Twentieth Centrury Russian Migration to Europe: Between Assimilation and Preserving of Russian Cultural Heritage

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    • Presentation speakers
      • German Mendzheritskiy, Librarium Archives Russe de la Presse Ancienne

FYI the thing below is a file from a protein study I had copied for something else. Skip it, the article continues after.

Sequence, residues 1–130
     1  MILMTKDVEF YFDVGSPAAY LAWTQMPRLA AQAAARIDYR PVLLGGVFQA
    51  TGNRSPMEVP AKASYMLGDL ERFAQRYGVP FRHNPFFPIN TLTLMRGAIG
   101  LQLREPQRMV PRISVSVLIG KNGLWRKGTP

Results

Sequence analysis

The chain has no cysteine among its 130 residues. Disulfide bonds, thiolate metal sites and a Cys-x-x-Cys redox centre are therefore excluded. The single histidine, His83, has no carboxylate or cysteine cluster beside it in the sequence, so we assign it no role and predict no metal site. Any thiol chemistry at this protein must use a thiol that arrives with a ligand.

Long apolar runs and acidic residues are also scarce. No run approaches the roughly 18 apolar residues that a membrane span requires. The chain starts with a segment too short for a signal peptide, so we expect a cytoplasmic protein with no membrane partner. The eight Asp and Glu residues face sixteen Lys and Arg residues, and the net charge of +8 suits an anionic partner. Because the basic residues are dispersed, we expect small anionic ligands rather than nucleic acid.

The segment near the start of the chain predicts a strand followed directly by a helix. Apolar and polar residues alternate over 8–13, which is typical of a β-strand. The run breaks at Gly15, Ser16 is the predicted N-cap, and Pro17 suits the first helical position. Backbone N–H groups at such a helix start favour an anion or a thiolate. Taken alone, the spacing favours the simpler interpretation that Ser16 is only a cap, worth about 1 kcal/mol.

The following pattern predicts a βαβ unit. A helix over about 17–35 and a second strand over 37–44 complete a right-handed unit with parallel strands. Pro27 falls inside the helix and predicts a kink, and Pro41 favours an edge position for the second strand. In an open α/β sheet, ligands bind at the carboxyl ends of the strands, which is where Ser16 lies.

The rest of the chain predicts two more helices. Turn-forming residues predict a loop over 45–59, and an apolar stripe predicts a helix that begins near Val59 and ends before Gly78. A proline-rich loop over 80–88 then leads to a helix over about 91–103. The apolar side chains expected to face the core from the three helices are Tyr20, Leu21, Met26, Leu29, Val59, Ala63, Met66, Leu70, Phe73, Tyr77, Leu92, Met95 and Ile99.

During the 20-th century at least four waves of migrants from the territory of former Russian Empire, USSR and former Soviet Union moved to Europe. Although Europe was not the only destination for migration from this territory, but most of migrants were passing through Europe or stayed there life long. The backgrounds and reasons for these waves of migration differ strongly and consequently vary the basic behavioral model and life paradigm of Russian migrants. The largest amount of migrants came at the beginning of the 20-th century as the result of the revolution and the civil war, and at the end of the 20-th century after the dissolution of Soviet Union. The two other minor migrant waves took place immediately after the Second World War and in the 1960-1970. The after revolution migrants were forced to leave Soviet Russia, because most of them fought against or did not accept the Bolshevik power. Many of them understood their migration as the way of preserving Russian culture and saving it for the new generations from the influence of new Bolshevik power. As writer Nina Berberova wrote ‘We are not in exile, we are on a mission’. The migrants to Europe at the end of the 20-th century were mostly ethnic or economic migrants escaping uncertainty and economic problems of the countries of the former Soviet Union. Although because of other reasons part of them also is devoted to preserve the Russian culture in European surroundings. The report is devoted to the analysis of the difference between the waves of the Russian migration in Europe and its modern situation.